New Delhi: India Friday withdrew the ‘Most Favoured Nation (MFN)’ status accorded to Pakistan under the World Trade Organisation (WTO) framework, after at least 40 CRPF personnel were killed in a suicide attack in Jammu & Kashmir that was claimed by Pakistan-based Jaish-e-Mohammed (JeM).
The decision was taken at a meeting of the Cabinet Committee on Security (CCS), which is chaired by Prime Minister Narendra Modi.
What is MFN status?
The WTO introduced the MFN status in 1996. It is accorded by a country to valued partners to boost non-discriminatory bilateral trade.
According to the WTO, while MFN suggests special treatment, it requires each member to treat “all the other members equally as ‘most-favoured’ trading partners”.
Typically, if the MFN status is withdrawn, tariffs could change and some restrictions may come into play.
Bilateral trade between India and Pakistan stands at just over $2.28 billion annually, which means the withdrawal of MFN status may not have any serious impact on Pakistan. But the decision constitutes a strong diplomatic response from New Delhi to Islamabad on terrorism.
Although essentially a trade-related arrangement, indirectly, MFN is often linked to the status of diplomatic relations, signalling either an improvement or a deterioration.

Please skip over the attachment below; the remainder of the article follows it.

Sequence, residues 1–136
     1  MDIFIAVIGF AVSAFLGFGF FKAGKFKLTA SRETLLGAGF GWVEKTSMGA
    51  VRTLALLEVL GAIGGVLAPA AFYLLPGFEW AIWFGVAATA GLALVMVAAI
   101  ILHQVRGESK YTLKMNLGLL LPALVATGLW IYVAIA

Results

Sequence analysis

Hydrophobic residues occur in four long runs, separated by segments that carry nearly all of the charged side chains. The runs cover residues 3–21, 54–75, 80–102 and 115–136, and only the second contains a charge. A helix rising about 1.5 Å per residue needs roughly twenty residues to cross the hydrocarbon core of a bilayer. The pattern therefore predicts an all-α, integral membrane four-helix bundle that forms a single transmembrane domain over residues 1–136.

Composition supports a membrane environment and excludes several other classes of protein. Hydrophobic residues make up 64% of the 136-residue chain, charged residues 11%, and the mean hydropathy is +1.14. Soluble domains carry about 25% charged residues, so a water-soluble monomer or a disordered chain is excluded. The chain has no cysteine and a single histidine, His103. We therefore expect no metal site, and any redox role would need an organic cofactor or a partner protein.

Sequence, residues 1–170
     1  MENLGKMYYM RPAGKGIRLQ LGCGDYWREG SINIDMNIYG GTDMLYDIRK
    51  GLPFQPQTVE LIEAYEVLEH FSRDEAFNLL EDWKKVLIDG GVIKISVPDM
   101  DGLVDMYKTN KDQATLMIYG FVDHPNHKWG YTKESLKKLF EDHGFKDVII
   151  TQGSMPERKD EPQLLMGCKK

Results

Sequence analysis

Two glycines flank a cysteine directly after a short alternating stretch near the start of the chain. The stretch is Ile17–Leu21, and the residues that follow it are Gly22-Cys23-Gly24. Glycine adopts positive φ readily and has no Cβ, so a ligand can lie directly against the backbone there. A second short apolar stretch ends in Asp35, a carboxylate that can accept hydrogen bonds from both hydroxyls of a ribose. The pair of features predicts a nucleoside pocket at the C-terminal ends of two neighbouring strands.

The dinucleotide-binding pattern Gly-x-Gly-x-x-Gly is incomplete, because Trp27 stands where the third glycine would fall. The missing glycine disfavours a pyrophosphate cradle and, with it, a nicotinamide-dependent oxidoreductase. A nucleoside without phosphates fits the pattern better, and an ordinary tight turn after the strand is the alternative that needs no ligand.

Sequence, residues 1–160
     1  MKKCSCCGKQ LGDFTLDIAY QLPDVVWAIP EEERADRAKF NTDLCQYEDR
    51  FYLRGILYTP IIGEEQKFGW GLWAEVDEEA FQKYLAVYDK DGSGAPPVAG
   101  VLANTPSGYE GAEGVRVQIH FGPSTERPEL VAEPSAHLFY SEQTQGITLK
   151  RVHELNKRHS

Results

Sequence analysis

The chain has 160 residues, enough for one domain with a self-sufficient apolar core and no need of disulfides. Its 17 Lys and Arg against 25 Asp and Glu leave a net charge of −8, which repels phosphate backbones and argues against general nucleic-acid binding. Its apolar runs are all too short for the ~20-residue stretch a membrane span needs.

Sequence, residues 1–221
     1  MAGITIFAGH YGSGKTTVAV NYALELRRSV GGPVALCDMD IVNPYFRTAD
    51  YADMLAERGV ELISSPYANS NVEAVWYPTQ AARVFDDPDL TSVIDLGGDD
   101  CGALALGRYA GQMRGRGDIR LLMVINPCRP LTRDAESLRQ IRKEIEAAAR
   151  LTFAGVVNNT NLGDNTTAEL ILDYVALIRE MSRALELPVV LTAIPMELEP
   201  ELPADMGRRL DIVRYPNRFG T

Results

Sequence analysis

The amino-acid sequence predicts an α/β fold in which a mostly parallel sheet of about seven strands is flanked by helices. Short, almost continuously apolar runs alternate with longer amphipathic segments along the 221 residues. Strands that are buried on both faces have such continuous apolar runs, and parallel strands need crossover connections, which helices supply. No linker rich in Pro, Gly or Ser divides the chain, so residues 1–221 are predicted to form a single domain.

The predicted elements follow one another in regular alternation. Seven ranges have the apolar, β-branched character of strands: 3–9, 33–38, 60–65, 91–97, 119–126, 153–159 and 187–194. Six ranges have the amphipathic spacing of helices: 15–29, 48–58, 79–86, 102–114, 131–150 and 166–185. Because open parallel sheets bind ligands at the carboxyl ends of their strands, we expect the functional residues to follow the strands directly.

While India accorded MFN status to Pakistan in 1996, Islamabad has not reciprocated, even as it continues to look at ways to enhance trade with other countries, including China. Pakistan still has a negative list of over 1,200 items that are not allowed to be imported from India.
Trade between India and Pakistan
Trade between the two countries, which represent over 80 per cent of South Asia’s gross domestic product, stood at $2.41 billion in 2017-18.
In 2016-17, data from the Union Ministry of Commerce indicates that trade between the neighbours dropped to $2.28 billion from $2.61 billion the previous year.
Indian exports to Pakistan, under MFN, include cotton, meat, chemicals, medicines and agri-products. Dairy products and sugar are also exported. Nuts, fruits, cement, leather products, onions are typically imported from Pakistan.
Trade between the neighbours is mostly carried out through indirect routes due to the political uncertainty in ties. This means that exports and imports are routed through other countries, such as the UAE and Singapore.
“At present, trade between the two countries is minuscule due to the political environment,” a senior official at business body Federation of Indian Chambers of Commerce & Industry told The Print.
“Mostly, trade between India and Pakistan takes place through the indirect route… Essentially, it comes through other countries and that does not get reflected in the trade numbers between the two countries,” the official added.
Last year, a World Bank report — ‘Glass Half Full: Promise of Regional Trade in South Asia’ — had pointed out that trade between the two countries could go up to $37 billion if they worked through their differences.